It was to banish sin from the world, to overthrow the world’s Destroyer, to abolish death by dying for the entire human race and to release us from the curse: “Dust you are and to dust you shall return” (Gn 3:19). He will become the second Adam, Who is not of earth but of heaven (1 Cor 15:47) and will be for us, the source of every blessing (…) and our way to the kingdom of heaven. For one Lamb died for all, to restore the whole flock on earth to God the Father; “one died for all” to make all subject to God; “one died for all” to gain all, so that “all might live no longer for themselves but for him who died and was raised to life for them” (2 Cor 5:14-15).” – St Cyril of Alexandria (376-444) Known as ‘The Pillar of Faith,” Archbishop of Alexandria, Father and Doctor Incarnationis – Commentary on Saint John’s Gospel, 2, Prologue
PRAYER – Almighty God, Your Son’s manhood, born of the Virgin, was a new creation, untainted by our sinful condition. Renew us then, in Christ and cleanse us from our sins. May the Holy Name of Jesus, be our light, our safeguard and our shield. Through Christ our Lord, in the unity of the Holy Spirit, God for all time and forever, amen.
Our Morning Offering – 17 January – Sunday in Ordinary Time
O Lord, My God, I Am Not Worthy Prayer Before Holy Communion By St John Chrysostom (347-407) Father and Doctor of the Church
O Lord, my God, I am not worthy that You should come into my soul but I rejoice that You have come to me because, in Your loving kindness You desire to dwell in me. You ask me to open the door of my soul, which You alone have created, so that You may enter into it with Your loving kindness and dispel the darkness of my mind. I believe that You will do this, for You did not turn away Mary Magdalene when she approached You in tears. Neither did You withhold forgiveness from the tax collector who repented of his sins or from the good thief who asked to be received into Your kingdom. Indeed, You numbered as Your friends, all who came to You with repentant hearts. O God, You alone are blessed always, now and forever. Amen
Saint of the Day – 17 January – Saint Sulpicius of Bourges (Died c 647) Bishop, miracle-worker, apostle of the poor – born in the 7th century as Sulpicius le Debonnaire in France and died in c 647 of natural causes. Also known as – St Sulpicius the Pious, Pius of Bourges, Sulpice of Bourges.
According to his Vita, Sulpitius was born at a place in Vatan in the Diocese of Bourges, of noble parents, before the end of the sixth century. From his youth he devoted himself to good works and to the study of Scripture and donated his large patrimony to the Church and the poor.
Austregisilus, Bishop of Bourges, ordained him cleric of his Church, then Deacon, Priest and finally made him director of his Episcopal school. Clotaire II (King of the Franks from 613 to 629), who had heard of his merits, summoned him and made him almoner and Chaplain of his armies. Upon the death of Bishop Austregisilus (. 624) Sulpicious was recalled to Bourges to succeed him. Thenceforth he laboured with much zeal and success to re-establish ecclesiastical discipline, for the relief of the poor.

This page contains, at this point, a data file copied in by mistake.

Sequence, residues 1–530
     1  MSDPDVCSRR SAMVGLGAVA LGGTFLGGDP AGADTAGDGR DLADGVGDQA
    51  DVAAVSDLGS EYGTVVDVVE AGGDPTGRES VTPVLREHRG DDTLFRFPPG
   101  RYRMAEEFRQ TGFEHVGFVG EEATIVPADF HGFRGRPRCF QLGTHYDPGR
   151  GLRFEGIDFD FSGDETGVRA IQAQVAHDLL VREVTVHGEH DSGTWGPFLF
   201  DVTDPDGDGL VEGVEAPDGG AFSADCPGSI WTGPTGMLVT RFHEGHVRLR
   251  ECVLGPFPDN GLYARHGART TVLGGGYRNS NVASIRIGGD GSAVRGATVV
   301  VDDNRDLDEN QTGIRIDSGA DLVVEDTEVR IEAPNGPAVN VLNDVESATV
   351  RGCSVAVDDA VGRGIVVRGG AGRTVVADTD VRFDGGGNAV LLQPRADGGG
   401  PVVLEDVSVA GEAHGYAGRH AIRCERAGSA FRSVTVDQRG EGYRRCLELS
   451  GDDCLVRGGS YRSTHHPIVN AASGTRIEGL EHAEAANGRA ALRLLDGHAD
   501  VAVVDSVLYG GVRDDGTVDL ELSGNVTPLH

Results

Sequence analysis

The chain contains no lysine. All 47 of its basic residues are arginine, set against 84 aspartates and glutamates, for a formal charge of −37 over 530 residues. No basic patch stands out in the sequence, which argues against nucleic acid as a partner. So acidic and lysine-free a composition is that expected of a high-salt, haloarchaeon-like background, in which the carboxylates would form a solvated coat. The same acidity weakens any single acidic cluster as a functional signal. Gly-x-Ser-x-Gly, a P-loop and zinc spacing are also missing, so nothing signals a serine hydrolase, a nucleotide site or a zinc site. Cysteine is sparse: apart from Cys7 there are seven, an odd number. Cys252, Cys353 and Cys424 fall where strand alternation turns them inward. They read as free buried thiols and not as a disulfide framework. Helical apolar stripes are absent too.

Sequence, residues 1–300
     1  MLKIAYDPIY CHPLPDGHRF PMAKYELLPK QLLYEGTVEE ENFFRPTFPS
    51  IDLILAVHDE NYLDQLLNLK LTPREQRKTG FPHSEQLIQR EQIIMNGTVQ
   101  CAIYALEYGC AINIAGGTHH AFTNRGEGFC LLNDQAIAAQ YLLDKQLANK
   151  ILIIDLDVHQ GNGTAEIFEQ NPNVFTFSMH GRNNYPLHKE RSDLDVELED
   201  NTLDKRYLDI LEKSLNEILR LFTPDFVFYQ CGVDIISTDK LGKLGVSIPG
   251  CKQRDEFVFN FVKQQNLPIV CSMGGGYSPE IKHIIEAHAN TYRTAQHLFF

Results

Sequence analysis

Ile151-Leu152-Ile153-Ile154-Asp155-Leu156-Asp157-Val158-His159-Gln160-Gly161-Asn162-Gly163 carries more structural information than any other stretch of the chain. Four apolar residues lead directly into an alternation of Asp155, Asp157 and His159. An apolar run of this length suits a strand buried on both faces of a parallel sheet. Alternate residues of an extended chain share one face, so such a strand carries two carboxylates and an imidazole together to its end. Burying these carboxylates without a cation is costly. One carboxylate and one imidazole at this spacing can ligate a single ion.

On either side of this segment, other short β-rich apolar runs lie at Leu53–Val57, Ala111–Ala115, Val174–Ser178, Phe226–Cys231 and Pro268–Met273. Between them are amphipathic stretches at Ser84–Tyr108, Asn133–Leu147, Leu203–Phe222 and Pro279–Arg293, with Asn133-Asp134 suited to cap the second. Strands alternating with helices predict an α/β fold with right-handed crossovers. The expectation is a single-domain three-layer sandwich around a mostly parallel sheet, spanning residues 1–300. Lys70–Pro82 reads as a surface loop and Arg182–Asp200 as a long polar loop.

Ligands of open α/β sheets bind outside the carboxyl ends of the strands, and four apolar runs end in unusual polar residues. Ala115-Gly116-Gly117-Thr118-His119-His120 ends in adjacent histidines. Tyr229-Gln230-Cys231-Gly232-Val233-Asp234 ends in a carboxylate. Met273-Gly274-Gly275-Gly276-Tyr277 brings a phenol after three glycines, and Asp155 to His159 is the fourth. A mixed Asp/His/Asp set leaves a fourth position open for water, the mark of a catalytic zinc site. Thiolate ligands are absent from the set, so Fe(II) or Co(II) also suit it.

In 626 Sulpitius attended the Council of Clichy and held several others with the Bishops of his See. St Desiderius of Cahors, treasurer to King Clothar II and later Bishop of Cahors, was his personal friend – three letters survive which St Sulpicius addressed to him. In the settings of Vita Sulpicii Episcopi Biturgi, Sulpicius’miracles show him receiving “Theudogisilus,, a noble from the palatium of the king with entertainments and a “great heaped fire” (in a fireplace in the centre of the great hall, the smoke issuing through a vent in the roof). Sulpitius allegedly extinguished this fire, when it threatened to get out of control, with an outstretched hand. The Vita asserts with approval that “he, the holy man gave leave for no-one, neither heretic, gentile or Jew, to live in the city of Bourges without the grace of Baptism” – with many consequent conversions from the Jews of Bourges.
The Vita tells that Dagobert I sent his representative the merciless general Lollo (Lollonius) to reside at Bourges and to bring the city more closely under the King’s command. Sulpitius intervened with King Dagobert on behalf of his flock, of whom a too heavy tax was exacted. When the people came complaining of their treatment to Sulpicius, he decreed a three-day fast for clergy and laity but also sent one of his clergy, Ebargisilus by name, to the King.
Towards the end of his life, Sulpitius took a co-adjutor, Vulfolnde and retired to a Monastery which he had founded near Bourges. There he died on 17 January 647, which day several manuscripts of the Hieronymian Martyrology indicate as his feast. The reports of miracles at his tomb in the Basilica he had ordered built, began soon after his death and the place became a place of pilgrimage.
That place, where Sulpicius had the Basilica built and where the memorable man of God is buried, is called Navis, because the port of ships is seen to be there. It is a most lovely place between two rivers with pastures and woods and vineyards in great number, with fields and rivers flowing between huge plains so that there, the inhabitants may be seen to possess the image of paradise.